Hogarth: Place and Progress
9 Oct 2019, noon - 5 Jan 2020, noon
Hogarth: Place and Progress at Sir John Soane's Museum.
All of William Hogarth's (1697-1764) surviving painted series will be united for the first time to examine his complex views on morality, the society and the city.
Hogarth: Place and Progress will unite all of Hogarth's surviving painted series for the first time, along with his engraved series. The Museum's own Rake's Progress and An Election will be joined by Marriage A-la-Mode from the National Gallery, the Four Times of Day from the National Trust and a private collection, as well as the three surviving paintings of The Happy Marriage from Tate and the Royal Cornwall Museum. The exhibition will also include engraved series lent by Andrew Edmunds prints such as The Four Stages of Cruelty, Industry and Idleness and Gin Lane and Beer Street.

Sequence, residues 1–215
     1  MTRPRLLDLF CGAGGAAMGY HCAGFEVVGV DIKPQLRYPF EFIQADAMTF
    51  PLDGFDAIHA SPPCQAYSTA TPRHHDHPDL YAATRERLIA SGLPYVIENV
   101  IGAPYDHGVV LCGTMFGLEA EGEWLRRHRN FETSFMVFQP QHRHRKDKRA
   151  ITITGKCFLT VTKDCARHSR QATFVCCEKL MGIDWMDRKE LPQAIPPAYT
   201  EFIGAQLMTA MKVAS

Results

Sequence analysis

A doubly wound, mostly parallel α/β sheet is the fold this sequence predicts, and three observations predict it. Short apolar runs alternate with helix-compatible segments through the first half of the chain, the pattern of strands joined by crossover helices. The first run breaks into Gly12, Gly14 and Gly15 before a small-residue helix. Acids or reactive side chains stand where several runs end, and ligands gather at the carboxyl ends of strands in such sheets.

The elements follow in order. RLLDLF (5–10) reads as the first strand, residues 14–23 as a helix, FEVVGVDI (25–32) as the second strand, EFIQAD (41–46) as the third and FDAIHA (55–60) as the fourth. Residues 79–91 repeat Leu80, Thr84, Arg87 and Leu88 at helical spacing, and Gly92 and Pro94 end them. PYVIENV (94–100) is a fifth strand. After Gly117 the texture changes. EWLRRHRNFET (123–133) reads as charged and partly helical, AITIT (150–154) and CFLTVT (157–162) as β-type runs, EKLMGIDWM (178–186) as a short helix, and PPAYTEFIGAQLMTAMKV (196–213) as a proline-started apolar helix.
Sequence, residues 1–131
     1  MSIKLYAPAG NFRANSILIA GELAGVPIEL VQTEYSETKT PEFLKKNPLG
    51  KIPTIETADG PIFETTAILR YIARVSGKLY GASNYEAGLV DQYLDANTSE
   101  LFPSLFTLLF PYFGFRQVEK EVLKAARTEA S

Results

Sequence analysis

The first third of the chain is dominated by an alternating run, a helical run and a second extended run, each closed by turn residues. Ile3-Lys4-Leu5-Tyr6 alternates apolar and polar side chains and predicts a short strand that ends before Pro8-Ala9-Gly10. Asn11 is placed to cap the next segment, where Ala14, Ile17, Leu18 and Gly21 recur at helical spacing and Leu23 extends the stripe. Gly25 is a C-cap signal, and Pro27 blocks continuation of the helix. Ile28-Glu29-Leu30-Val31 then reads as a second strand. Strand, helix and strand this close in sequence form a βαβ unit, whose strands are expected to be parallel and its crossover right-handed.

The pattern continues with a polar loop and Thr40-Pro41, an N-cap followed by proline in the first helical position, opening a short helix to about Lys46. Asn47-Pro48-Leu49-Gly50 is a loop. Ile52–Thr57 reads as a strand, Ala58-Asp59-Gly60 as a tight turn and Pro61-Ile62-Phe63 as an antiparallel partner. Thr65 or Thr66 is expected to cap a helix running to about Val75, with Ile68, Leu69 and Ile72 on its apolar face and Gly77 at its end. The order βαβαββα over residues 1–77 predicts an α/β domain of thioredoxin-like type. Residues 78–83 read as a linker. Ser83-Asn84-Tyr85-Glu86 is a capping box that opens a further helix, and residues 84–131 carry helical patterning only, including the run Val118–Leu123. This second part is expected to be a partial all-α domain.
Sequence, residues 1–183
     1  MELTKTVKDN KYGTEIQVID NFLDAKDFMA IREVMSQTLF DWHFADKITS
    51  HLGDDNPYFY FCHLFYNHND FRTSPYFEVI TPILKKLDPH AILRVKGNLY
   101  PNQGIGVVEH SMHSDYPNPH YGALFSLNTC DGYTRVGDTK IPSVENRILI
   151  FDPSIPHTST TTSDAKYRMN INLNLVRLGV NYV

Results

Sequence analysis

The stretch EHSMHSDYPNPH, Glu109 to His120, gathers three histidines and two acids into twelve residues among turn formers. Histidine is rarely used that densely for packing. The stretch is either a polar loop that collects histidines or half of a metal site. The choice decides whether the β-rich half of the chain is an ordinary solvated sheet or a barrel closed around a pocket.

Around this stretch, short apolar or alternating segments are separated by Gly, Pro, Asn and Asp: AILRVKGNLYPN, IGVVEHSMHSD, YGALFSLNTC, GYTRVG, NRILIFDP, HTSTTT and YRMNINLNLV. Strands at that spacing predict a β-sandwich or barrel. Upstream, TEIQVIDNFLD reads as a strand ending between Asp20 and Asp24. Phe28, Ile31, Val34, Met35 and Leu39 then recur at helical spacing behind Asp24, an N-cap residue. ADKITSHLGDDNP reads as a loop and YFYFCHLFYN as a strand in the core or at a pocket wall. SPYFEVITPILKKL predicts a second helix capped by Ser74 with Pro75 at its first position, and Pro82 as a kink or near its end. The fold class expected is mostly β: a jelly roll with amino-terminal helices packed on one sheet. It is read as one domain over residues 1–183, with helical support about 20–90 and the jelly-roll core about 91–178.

Most famous for designing the Bank of England (1807) and Dulwich Picture Gallery (1817), Sir John Soane (1753-1837) began constructing his home in 1792. Over the next three decades, he bought, knocked down, and reorganised three successive houses in Lincoln's Inn Fields, central London, to create his combined home and office, with a space for his collection, which included William Hogarth's two painting series, A Rake's Progress (1732-3) and Humours of an Election (1755)